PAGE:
Lewis H. Orland, Observations on the Work Product Rule, 29 GONZ. L. REV. 281 at 283 (1993-94).
Here, the SSA prepared the documents in order to evaluate Strong's claim for disability benefits, not in anticipation of litigation. While protected work product may include "factual information," the mere act of obtaining documents from a client that were prepared by a third party prior to the litigation does not render them work product. The purpose of the doctrine is best served by limiting the scope of the protection to information that the attorney actively prepared or gathered from a source other than the client. Under Strong's interpretation of the doctrine, a litigant could shield sensitive documents from discovery simply by giving them to his attorney. The work product doctrine cannot be used to subvert discovery in this manner. It was not an abuse of discretion for the trial court to refuse to apply the work product doctrine here.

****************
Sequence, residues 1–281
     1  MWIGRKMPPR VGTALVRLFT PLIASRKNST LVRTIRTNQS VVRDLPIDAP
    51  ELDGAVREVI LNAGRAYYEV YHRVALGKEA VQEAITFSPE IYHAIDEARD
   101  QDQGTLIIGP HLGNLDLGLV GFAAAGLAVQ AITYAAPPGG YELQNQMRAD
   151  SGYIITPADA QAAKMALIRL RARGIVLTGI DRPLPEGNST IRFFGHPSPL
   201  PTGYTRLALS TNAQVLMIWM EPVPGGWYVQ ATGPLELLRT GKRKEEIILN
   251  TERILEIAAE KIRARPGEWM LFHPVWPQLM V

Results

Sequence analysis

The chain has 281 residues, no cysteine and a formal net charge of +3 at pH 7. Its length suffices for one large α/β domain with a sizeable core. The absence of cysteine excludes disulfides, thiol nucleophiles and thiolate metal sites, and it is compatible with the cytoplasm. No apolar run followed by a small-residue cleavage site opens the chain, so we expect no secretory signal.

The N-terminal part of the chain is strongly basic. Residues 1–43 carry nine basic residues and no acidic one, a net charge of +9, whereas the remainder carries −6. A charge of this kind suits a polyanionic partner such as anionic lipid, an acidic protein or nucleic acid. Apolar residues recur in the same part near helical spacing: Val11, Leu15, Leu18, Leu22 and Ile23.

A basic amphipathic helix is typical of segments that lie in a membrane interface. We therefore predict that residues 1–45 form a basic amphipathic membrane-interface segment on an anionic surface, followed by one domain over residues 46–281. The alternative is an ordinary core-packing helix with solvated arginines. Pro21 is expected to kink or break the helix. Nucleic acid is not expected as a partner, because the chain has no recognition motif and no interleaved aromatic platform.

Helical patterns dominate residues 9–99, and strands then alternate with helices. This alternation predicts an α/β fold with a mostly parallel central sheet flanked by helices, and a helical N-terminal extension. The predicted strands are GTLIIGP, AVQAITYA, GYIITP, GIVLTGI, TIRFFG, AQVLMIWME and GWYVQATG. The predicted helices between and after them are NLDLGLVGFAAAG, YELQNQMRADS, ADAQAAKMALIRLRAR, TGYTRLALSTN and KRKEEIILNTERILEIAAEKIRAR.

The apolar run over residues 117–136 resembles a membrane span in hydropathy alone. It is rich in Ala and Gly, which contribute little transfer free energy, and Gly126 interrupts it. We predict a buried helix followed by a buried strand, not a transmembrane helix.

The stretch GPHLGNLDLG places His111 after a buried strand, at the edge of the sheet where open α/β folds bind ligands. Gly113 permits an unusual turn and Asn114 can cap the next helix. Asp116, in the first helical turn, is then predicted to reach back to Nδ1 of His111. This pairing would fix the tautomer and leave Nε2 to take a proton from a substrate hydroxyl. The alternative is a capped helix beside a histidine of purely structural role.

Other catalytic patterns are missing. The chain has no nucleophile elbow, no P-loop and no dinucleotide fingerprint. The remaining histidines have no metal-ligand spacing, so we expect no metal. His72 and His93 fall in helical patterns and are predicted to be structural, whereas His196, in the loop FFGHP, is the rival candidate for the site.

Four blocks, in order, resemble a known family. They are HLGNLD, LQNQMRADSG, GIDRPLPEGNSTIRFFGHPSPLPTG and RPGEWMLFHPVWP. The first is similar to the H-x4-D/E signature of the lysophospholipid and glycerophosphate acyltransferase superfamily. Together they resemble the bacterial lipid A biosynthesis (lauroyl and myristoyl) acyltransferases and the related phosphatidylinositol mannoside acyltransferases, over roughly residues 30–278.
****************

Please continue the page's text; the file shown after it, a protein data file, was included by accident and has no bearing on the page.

Next, Strong asserts that the records are protected from disclosure by RPC 1.6(a), which states that "[a] lawyer shall not reveal confidences or secrets relating to representation of a client unless the client consents after consultation. . . ." The Rules of Professional Conduct define "confidences" as "information protected by the attorney-client privilege under applicable law," and "secrets" as "other information gained in the professional relationship that the client has requested be held inviolate or the disclosure of which would be embarrassing or would be likely to be detrimental to the client." Because Strong gave his attorney permission to view the records with the understanding that only his attorney would view them, he contends that RPC 1.6 applies.